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Re: 'not an artist' article
On 04-Jul-2000 Chris Purnell wrote:
> On Mon, Jul 03, 2000 at 07:26:37PM -0500, Steve Baker wrote:
>> Chris Purnell wrote:
>> > Or rather how do you turn your "gene" values into the required surface
>> > mesh.
>> Yep - that's the $64,000 question.
>> I spent some time today thinking about it - and I'm pretty sure it could
>> be done.
>> The snag is to come up with a set of genes with the right 'powers' over
>> the mesh to come up with credible critters - without limiting the resulting
>> shapes arbitarily.
were the problem specified correctly to the algorithm, no arbitrary limits
would be required. But making a lifeform is not a simple problem to define :)
> I've also spent some time thinking about it. I think any thing limiting
> the results to human and anthropomorphic characters would help the time
> it takes to get a useful result and may also help programming it.
> I liked your idea about evolving the bones. I think fixing the number of
> bones and their conections is the way to go. And having the genes control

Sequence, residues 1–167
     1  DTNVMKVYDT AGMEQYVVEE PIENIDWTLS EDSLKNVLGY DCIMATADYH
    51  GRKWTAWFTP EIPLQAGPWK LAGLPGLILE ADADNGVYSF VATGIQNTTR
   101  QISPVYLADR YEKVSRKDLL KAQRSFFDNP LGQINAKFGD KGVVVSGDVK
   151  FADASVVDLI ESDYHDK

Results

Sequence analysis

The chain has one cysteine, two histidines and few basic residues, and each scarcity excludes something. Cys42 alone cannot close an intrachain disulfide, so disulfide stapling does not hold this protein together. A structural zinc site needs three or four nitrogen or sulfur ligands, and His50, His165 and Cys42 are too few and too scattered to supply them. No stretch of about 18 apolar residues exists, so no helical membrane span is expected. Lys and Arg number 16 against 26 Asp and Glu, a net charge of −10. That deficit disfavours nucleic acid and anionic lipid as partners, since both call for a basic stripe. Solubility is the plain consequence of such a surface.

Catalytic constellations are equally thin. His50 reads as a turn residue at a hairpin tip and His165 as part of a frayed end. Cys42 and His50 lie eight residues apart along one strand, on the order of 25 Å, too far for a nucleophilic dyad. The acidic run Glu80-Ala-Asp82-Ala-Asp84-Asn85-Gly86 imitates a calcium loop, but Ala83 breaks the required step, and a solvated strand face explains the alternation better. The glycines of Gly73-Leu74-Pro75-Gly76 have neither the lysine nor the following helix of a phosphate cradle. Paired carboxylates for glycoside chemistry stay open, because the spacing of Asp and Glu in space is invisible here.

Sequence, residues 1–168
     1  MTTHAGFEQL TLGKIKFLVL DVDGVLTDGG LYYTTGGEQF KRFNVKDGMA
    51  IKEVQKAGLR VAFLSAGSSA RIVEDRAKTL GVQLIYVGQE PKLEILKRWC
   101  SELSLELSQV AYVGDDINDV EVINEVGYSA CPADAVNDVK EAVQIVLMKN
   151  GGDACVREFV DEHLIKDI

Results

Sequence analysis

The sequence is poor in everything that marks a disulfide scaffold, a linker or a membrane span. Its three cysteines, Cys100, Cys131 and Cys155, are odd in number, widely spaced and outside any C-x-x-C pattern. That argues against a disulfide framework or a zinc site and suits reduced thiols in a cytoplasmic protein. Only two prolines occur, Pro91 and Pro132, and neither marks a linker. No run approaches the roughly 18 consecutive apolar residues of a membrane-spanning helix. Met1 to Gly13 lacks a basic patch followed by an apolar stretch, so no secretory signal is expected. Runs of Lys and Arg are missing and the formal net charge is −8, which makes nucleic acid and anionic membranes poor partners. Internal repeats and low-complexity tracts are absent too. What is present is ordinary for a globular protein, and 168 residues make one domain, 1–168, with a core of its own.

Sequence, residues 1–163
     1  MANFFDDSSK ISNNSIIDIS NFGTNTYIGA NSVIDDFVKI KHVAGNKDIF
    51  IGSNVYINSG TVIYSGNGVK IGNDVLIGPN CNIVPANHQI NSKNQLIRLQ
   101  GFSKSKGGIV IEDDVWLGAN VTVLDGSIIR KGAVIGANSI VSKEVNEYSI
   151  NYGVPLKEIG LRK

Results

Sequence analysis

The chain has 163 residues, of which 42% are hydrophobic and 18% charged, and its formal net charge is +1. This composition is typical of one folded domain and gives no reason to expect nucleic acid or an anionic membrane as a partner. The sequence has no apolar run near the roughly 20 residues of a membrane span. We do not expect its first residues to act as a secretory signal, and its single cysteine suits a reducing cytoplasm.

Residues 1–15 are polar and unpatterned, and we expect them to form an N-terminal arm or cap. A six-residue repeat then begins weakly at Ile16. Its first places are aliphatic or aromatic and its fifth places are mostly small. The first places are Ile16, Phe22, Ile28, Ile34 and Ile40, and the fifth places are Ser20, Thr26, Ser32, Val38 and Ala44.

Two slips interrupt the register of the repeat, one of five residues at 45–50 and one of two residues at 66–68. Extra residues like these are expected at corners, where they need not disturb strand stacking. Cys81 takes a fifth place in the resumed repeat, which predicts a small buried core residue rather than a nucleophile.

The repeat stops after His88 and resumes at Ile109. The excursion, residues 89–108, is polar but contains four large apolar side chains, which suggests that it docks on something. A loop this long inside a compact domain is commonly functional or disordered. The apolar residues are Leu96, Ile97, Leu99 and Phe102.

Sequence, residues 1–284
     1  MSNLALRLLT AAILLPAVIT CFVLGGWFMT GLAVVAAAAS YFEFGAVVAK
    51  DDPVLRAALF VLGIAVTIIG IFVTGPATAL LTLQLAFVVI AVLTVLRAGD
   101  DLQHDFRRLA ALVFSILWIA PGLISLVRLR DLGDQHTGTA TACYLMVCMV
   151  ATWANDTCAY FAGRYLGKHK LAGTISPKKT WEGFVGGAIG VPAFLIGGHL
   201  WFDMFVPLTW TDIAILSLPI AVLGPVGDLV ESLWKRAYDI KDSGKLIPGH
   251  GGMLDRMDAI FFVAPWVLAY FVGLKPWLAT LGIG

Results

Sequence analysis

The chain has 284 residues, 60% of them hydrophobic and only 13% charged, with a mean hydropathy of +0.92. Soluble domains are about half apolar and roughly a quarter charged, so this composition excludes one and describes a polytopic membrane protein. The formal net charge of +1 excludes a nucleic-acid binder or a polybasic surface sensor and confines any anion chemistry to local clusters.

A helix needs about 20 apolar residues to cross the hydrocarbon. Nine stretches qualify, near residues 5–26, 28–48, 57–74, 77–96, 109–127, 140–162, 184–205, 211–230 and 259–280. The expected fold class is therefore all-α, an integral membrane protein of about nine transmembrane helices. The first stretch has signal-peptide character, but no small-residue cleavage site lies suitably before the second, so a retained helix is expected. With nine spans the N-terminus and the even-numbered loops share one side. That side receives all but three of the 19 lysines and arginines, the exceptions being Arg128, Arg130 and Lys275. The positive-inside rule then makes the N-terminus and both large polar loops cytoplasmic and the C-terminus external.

> the length of the bones. I'm not sure about constraints about the relative
> lengths of the upper and lower parts of the limbs.
If you define the bones and their connection as a static thing, you limit the
power of the machine to generate soemthing unique, as well as requiring the
programmer (or modeller) to model a functional animated skeleton. That kinda
defeats the purpose imho :)
> This is where I get stuck. Putting the flesh on the bones.
There are plenty of articles around for putting flesh onto a bone structure
>> It's tempting (for example) to think of 'symmetry' genes - but does that
>> overly-restrict or pre-judge the nature of the things you build?
> I was thinking of enforcing left-right symmetry so we only have to
> generate half a character.
one of my fish is not symmetrical... Maybe instead of enforcing an arbitrary
limit, simply introduce a symmetry component to a gene? I d'no if a symmetry
gene would be useful, since those few creatures in nature that are no entirely
symmetrical are still primarily symmetrical.
Has the genome project released any technical documentation? I remember hearing
that they had completed something, mebbe it was just the human DNA? Fruit flies
were figured out quite a while ago (14 genes iirc). Since they are examining
what we are trying to emulate, maybe we should look at their results and see
what they found the basic building blocks to be and how they find them
attached. I'm sure the most natural results would come if we could use nature
as a blueprint :)
-Erik <firstname.lastname@example.org> [http://math.smsu.edu/~br0ke]
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